While the Indianapolis Colts three-day rookie mini-camp got under way Friday morning, the biggest news didn’t come until later in the day.
According to a statement from the National Football League, Pro Bowl outside linebacker Robert Mathis has been suspended for the first four games of the 2014 season for violating the league’s steroid and PED (performance enhancing drug) policies.
“Robert Mathis of the Indianapolis Colts has been suspended without pay for the first four games of the 2014 regular season for violating the NFL policy on performance enhancing substances,” said in a press release. “Mathis will be eligible to return to the Colts’ active roster on Monday, Sept. 29, following the team’s Sept. 28 game against the Tennessee Titans. Mathis is eligible to participate in all offseason and preseason practices and games.”
He will miss games against Denver, Philadelphia, Jacksonville and Tennessee.
The responses from both the team and Mathis came quickly.
“We have learned that Robert Mathis will be required to serve a four-game suspension under the League’s policy on prohibited substances. We recognize the extreme seriousness of this matter and will honor the confidentiality requirements of the league’s program,” the Colts said in a prepared statement.
“We nevertheless wish to assure Robert and our fans that he remains an honored and cherished member of the Colts family and that we support him as he deals with this difficult challenge.”
The NFL’s sack leader last season — with a career and franchise-best 19.5 — issued his own response through his agent, Hadley Englehard.
“It is difficult for me to address the circumstances surrounding this suspension because they involve very personal medical information, but it is very important to me that my fans, particularly young people, understand what did and did not occur,” he said.
“Like many families, my wife and I faced fertility challenges, and I sought medical assistance. I specifically asked the doctor if the medication he prescribed for me would present a problem for NFL drug testing, and unfortunately, he incorrectly told me that it would not.
“I made the mistake of not calling the NFL or NFLPA to double check before I took the medication at the end of last season. The union has worked very closely with me to present all of the facts and medical records for consideration of discipline that does not include a suspension because of the unique facts of my case, but the Commissioner refused the request.”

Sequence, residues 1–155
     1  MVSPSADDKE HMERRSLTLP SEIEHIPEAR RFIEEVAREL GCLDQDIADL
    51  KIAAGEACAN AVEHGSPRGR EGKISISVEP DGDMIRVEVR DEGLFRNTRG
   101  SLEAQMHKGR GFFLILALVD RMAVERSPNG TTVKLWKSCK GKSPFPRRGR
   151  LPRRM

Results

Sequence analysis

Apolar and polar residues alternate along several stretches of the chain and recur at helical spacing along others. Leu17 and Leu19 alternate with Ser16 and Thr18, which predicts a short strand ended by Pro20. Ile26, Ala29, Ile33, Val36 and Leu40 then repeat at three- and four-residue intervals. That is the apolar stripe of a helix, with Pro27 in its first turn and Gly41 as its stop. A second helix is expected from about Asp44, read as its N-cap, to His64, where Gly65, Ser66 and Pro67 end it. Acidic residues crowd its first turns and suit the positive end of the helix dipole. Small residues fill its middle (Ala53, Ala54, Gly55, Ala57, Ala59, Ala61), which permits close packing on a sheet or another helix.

His statement continued.
“I am deeply saddened that this situation will prevent me from contributing to my team for four games, and I regret that I didn’t cross check what my doctor told me before I took the medication. I hope that my fans will understand the unique circumstances involved here and continue to know that I am a man of integrity who would never intentionally circumvent the performance enhancing substance policy agreed to by the NFL and my union,” Mathis explained.
“The incredible blessing of this very upsetting situation is that, after I took the medication very briefly at the end of last season, we learned that my wife is expecting a baby. We are thrilled that we will be welcoming a new member in several months, but I apologize to my teammates, coaches and Colts fans that I will not be able to contribute to my team for the first four weeks of the 2014 season. I will work extremely hard during that time to stay in top football shape and will be prepared to contribute immediately upon my return.”
According to ESPN NFL insider Adam Schefter, the suspension has been appealed to the league office but was denied by Commissioner Roger Goodell. NFL Network insider Albert Breer added that the appeal process has been going on for the past couple of months.
Also, Mathis’ family doctor reportedly provided the league with all pertinent medical records. He said that Mathis only took the drug — which has been identified in some reports as Clomid — on a limited basis near the end of the 2013 season.
The Indianapolis Star reported that Mathis was prescribed the drug because his wife couldn’t take it due to health reasons.
“The league and Commissioner Goodell have taken a stance that puts Robert under some strict scrutiny. That is really unjust and unfair,” Englehard told ESPN. “We have given him all the medical data. We are just amazed that the commissioner and the NFL have put this kind of punishment on Robert.”